Under all jurisdictions, copyright is a bundle of rights and authors may opt to transfer some of these rights to the publisher (for example, the right to publish the work commercially) whilst retaining others for themselves. For instance, authors may wish to retain the right to reproduce, distribute, display and perform their own work in respect of either their research or their teaching work.
Author addenda state the rights that the author will retain after passing an article to a publisher for publication. Addenda vary considerably, so care must be taken to choose an addendum that suits the author (or institution) in each particular case. Many addenda restrict the author to use the work for non-commercial purposes, for example, which may work well if the author is publishing a journal article, but may restrict the author too much if the output is another type of work. Another raft of restrictions may be imposed upon the publisher and in the case of institutionally-developed agreements, there is usually provision for the institution itself to hold some rights to use the work as well.
Examples of author addenda
Two widely-used author addenda are those from SPARC/Science Commons and from SURF/JISC.
SPARC and Science Commons provide authors with resources to help them understand how to retain important rights over their work. SPARC provides a brochure for authors and librarians which can also be downloaded as a poster, as well as a Q&A and other information on author rights. Science Commons also provides a Q&A briefing on author rights. These two organisations have between them developed the Scholar’s Copyright Addendum Engine which includes a number of varied addenda, including SPARC’s own Author Addendum.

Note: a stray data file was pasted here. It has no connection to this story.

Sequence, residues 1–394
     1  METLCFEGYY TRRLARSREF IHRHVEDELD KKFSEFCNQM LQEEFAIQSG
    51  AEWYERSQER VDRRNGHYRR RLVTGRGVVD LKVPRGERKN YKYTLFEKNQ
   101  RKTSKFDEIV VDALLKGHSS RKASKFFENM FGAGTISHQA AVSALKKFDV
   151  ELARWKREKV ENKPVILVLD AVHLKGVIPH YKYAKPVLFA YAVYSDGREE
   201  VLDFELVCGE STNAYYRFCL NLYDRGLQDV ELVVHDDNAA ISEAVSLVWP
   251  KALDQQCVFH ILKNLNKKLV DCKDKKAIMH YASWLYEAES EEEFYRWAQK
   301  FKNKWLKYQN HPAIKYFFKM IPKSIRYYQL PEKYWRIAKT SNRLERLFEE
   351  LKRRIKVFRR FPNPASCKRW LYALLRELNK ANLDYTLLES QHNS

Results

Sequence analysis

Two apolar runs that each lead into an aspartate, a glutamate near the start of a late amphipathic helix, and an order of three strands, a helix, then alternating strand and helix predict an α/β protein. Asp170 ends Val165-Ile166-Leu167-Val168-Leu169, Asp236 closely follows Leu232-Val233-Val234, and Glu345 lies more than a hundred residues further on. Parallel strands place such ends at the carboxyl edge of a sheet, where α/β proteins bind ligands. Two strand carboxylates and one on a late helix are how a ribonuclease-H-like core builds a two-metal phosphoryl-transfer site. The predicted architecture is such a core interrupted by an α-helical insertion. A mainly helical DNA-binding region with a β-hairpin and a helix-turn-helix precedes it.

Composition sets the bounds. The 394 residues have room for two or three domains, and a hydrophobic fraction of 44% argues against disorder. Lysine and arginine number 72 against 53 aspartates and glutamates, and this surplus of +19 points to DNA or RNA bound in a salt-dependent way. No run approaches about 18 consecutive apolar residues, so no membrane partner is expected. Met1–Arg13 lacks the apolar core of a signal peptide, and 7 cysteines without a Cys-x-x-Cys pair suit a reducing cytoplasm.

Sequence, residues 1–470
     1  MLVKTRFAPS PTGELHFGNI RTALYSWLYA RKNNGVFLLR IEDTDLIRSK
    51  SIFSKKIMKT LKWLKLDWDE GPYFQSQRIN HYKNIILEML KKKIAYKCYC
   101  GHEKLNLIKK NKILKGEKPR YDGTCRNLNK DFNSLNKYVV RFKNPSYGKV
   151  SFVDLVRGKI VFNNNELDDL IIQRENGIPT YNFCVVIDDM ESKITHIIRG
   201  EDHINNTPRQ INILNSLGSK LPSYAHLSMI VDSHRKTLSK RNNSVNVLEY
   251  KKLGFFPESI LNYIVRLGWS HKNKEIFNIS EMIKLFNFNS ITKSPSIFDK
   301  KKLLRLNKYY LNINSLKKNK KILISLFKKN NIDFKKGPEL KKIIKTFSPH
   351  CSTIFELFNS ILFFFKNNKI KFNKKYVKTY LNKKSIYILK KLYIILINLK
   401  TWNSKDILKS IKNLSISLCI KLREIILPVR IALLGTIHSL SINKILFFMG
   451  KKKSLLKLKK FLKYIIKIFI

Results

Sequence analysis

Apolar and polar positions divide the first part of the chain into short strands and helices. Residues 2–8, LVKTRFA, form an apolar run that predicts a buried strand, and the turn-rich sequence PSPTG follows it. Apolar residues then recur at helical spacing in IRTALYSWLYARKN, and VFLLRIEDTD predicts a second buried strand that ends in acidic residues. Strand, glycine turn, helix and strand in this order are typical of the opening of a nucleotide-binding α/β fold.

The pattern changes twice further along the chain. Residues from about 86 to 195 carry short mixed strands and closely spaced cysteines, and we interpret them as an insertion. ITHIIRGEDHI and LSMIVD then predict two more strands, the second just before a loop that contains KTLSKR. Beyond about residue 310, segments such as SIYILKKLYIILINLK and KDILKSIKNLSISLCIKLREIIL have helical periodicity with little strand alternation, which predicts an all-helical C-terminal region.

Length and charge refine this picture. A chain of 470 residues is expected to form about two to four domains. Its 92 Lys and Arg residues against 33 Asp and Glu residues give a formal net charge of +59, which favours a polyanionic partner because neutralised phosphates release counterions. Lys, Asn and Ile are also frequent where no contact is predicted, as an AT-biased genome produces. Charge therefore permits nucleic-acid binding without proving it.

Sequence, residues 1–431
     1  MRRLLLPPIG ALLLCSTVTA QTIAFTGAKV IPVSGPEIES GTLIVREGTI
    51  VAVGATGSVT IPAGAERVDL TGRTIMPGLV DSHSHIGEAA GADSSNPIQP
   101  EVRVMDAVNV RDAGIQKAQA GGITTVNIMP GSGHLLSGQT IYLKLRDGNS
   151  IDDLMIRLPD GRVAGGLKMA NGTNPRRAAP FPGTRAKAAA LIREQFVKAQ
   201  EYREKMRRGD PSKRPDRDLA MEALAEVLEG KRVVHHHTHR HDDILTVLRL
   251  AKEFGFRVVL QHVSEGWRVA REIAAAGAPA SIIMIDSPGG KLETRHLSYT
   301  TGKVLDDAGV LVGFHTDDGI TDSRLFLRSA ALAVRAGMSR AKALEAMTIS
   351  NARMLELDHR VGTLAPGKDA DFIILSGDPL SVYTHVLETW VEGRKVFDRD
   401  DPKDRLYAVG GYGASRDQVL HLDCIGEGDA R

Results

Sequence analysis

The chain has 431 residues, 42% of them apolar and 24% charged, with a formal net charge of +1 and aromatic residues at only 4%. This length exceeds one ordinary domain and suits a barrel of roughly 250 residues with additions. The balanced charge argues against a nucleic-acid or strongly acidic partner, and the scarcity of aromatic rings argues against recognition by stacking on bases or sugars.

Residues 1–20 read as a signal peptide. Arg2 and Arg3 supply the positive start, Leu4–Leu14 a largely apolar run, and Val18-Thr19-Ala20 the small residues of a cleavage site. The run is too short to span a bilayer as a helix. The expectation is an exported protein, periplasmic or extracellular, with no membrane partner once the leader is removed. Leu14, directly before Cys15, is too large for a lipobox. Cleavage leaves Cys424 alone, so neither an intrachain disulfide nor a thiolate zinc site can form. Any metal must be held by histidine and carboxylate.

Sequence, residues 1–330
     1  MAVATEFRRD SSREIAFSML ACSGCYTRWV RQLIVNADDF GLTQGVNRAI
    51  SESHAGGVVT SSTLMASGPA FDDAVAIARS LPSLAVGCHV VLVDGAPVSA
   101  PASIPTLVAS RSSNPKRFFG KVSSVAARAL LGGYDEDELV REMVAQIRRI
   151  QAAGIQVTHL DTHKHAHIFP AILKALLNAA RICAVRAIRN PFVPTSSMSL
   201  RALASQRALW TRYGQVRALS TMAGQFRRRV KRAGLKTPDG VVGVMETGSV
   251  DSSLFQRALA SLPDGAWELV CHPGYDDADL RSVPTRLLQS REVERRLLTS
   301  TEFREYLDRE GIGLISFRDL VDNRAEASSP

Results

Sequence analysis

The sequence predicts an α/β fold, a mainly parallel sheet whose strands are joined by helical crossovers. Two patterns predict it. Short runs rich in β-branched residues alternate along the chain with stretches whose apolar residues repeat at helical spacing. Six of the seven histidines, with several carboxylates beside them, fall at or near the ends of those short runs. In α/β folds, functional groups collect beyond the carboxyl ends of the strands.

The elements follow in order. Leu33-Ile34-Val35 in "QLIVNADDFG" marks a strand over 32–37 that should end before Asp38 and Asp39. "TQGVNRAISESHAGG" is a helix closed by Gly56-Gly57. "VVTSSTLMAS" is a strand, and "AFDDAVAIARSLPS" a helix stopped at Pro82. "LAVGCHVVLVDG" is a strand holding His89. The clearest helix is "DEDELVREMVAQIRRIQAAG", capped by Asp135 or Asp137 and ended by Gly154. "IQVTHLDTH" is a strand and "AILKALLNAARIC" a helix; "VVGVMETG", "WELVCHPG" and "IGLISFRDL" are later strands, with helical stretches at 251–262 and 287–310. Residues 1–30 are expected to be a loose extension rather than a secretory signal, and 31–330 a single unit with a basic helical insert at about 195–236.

The SURF/JISC Copyright Toolbox, developed by the SURF Foundation in the Netherlands and the Joint Information Systems Committee (JISC) in the UK, incorporates a licence-to-publish that authors can assign to publishers. This enables them to retain a bundle of rights for themselves over the use of their own work. The Toolkit also provides sample wordings that can be used if an author or publisher wishes to amend the standard publishing agreement in the licence.
As well as being available through the SPARC and Science Commons websites, the Engine is also on the MIT and Carnegie Mellon University (Authors’ Rights and Wrongs) websites. MIT’s own Copyright Agreement Amendment as one of the choices available through the Scholar’s Copyright Addendum engine.
MIT developed an author addendum for its researchers during 2006. This was followed in June 2007 by an addendum from the Committee for Institutional Cooperation, a consortium of 12 research universities (the University of Chicago, the University of Illinois, Indiana University, the University of Iowa, the University of Michigan, Michigan State University, the University of Minnesota, Northwestern University, Ohio State University, Penn State University, Purdue University, and the University of Wisconsin-Madison).The CIC asked its member institutions to adopt the addendum. Three (University of Illinois at Urbana-Champaign, University of Wisconsin at Madison and the University of Minnesota) adopted it immediately. Others have followed since.
Other addenda or agreements have been drawn up by individual universities or research institutions. Institutional policies on copyright are increasing as Open Access becomes mainstream and universities seek to protect future research outputs from falling under publisher ownership. The University of Texas, for example, declares in its copyright management guidelines that its researchers must manage copyright in their articles for the benefit of “the authors, the citizens of Texas, state government, the component institutions, and the U. T. System”.
A list of issues in publisher copyright transfer agreements that should receive attention from authors and institutions has been prepared by the Scholarly Communication Initiative at Washington University School of Medicine, St.Louis, Missouri.
The Open Access Directory provides a list of addenda for authors to use, including links to addenda drawn up by specific universities.
A detailed account of types of addenda and their implications is given in an article by Peter Hirtle of Cornell University Library. Although a little dated in the light of fast-moving developments since it was published in 2006, the article covers all the issues that institutions need to consider when drawing up an author addendum.